Halloween tended to be on the cooler side this year but for Bonfire Night i.e. 5th November, just a week later, it is looking quite different. Let’s see what Bonfire Night will offer…

Introduction

The chart below shows an area of low pressure just to the west of the UK sending a weak front eastwards and northwards during Monday, 5 November 2018 and through the course of Bonfire Night too, continuing to weaken as it does so. This is likely to bring a lot of cloud to the west of the UK including Northern Ireland, Scotland, Wales and southwestern England with outbreaks of light to patchy rain.

Rainfall

The below charts show the predicted rainfall totals and their progression northwards and eastwards during Bonfire Night 2018 from two different computer models, the GFS (first one) and the ECM (second one). The rainfall totals are divided into three hour periods. Though the rain could get relatively heavier for a time during the evening hours of Bonfire Night near the west of Scotland, it is generally expected to be of light nature. Rainfall totals by the end of Bonfire Night likely to range between 2-5mm over Northern Ireland; 5-10mm over the west of Scotland; 1-3mm over central England and the West Country.

The progression of the rain northwards and eastwards is expected to be at a fairly moderate speed with rain falling in regions at a max of 1-4 hours for most areas, clearing the north by early Tuesday morning.

Temperatures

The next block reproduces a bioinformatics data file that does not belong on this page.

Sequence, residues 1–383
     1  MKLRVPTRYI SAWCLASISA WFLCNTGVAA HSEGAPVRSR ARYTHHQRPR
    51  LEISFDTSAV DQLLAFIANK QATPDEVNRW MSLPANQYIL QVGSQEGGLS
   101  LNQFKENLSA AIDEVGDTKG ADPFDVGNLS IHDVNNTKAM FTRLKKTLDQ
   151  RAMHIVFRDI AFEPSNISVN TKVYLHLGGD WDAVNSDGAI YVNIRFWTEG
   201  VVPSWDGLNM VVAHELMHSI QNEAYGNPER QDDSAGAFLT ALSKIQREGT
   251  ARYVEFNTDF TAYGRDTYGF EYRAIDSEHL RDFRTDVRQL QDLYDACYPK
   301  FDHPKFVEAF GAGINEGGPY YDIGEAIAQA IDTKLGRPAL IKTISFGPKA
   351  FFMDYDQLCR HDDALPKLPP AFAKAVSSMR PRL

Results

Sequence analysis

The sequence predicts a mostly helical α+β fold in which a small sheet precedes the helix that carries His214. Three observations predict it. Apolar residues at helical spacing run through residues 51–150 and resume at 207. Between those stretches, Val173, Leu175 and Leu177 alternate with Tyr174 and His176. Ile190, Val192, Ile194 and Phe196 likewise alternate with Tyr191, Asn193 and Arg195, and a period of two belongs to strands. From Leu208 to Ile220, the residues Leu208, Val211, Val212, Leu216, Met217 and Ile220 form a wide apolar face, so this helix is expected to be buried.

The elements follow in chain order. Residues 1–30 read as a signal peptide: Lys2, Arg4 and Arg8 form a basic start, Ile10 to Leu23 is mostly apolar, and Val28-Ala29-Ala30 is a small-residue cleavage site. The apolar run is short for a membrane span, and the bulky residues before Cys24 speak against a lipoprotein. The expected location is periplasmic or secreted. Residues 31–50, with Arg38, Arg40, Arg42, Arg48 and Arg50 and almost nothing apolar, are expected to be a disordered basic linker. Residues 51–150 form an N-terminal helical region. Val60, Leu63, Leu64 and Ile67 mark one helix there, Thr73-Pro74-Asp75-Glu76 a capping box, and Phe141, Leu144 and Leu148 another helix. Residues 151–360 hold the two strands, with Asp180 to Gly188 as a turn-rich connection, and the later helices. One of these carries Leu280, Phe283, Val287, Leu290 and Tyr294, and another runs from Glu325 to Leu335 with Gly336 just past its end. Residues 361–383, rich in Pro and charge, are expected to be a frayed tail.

The other point of significance about Bonfire Night 2018 is the expected temperatures. Minimum temperatures overnight into Tuesday 6 November are likely to be well above average for the time of year getting down to 5-8°C over Northern Ireland, Scotland and parts of Wales generally whilst 9-12°C elsewhere over England.

These mild temperatures are down to the fact that there possibly will be lots of cloud during the period and the wind coming from a southerly direction drawing up air from France.

Summary

Bonfire Night 2018 is forecast to be a mild one with patchy rain spreading northwards and eastwards, heaviest totals expected to be in the west of Scotland. The rain will likely clear the north by daylight hours on Tuesday morning.

Sean Bruen is a forecaster for Metcast (and Snow Watch). His main interests are historical and long range weather. He LOVES snow (his Twitter account is @SnowbieWx, go figure!) and his favourite season is Winter.